SE­LECT

The Irish Times - Friday - The Ticket - - SEVEN DAYS - AoifeMcEl­wain

FOOD AS IN­TEL­LEC­TUAL PROP­ERTY When it comes to the le­gal­i­ties of food, it’s gen­er­ally un­der­stood that in most cir­cum­stances, it is not pos­si­ble to copy­right a recipe. How can one per­son or com­pany own the recipe for bread, when we’re talk­ing about bread, flour, wa­ter and yeast? This is where the some­times puz­zling idea of food patents come in.

“In or­der to be patentable, an in­ven­tion must be new and not ob­vi­ous in light of what is al­ready known,” chem­i­cal patent ex­pert Jo Shaw wrote in a 2010 ar­ti­cle for In­ter­na­tional Law Of­fice.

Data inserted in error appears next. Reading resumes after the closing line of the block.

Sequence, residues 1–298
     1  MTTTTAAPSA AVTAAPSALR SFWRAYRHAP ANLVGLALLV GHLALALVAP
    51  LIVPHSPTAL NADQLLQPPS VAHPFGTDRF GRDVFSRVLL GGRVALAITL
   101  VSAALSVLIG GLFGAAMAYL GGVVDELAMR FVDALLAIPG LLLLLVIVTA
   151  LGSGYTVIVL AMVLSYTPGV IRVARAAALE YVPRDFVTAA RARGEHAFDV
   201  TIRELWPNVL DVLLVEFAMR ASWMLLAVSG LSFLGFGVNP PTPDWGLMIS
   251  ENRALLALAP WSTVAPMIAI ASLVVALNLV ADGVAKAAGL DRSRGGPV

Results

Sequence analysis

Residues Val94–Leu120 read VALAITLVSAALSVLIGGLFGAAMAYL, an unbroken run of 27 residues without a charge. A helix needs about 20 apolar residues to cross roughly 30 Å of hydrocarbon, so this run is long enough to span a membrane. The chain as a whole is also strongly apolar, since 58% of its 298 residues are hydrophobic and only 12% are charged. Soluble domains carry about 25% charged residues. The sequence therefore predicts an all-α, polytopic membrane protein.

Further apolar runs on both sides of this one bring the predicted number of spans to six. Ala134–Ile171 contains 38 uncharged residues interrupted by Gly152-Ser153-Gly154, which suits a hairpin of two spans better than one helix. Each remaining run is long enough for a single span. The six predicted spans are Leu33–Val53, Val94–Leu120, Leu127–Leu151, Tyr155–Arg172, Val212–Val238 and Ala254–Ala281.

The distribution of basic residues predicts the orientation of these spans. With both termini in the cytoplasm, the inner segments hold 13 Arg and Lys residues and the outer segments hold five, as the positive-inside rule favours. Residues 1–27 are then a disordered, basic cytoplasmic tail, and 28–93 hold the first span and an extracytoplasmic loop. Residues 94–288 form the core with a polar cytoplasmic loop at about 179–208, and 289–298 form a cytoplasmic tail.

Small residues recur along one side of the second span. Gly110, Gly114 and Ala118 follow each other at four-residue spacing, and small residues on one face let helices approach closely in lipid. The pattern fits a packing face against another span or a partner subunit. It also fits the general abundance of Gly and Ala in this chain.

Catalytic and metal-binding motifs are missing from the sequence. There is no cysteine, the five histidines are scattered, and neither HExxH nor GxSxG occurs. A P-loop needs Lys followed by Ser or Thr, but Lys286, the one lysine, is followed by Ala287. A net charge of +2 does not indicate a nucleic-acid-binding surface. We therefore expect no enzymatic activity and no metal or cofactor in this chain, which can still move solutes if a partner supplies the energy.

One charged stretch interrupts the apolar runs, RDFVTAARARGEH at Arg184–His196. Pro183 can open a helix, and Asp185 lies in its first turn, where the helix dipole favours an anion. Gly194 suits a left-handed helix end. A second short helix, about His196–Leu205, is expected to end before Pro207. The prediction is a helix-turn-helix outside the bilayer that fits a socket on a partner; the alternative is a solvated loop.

“Foods pro­duced by com­bin­ing tra­di­tional in­gre­di­ents and us­ing stan­dard cook­ing or prepa­ra­tion tech­niques are un­likely to meet these re­quire­ments, but in­no­va­tions in food tech­nol­ogy of­ten re­sult in prod­ucts that qual­ify as patentable inventions.” Snow used New Zealand com­pany Tip Top’s Mem­phis Melt­down Gooey Caramel Ice Cream as an ex­am­ple of a patented food tech­nol­ogy.

First crunch

The first trade­marked ap­ple comes from Aus­tralia. The Cripps Pink was in­vented by Aus­tralian hor­ti­cul­tur­ist John Cripps in 1973, when he crossed a Lady William ap­ple with a Golden De­li­cious, and cre­ated what is now widely known as the Pink Lady. It’s now owned and li­censed by Western Aus­tralia’s Depart­ment of Agri­cul­ture and Food, which owns the plant breed­ers’ rights for the ap­ples in mul­ti­ple coun­tries.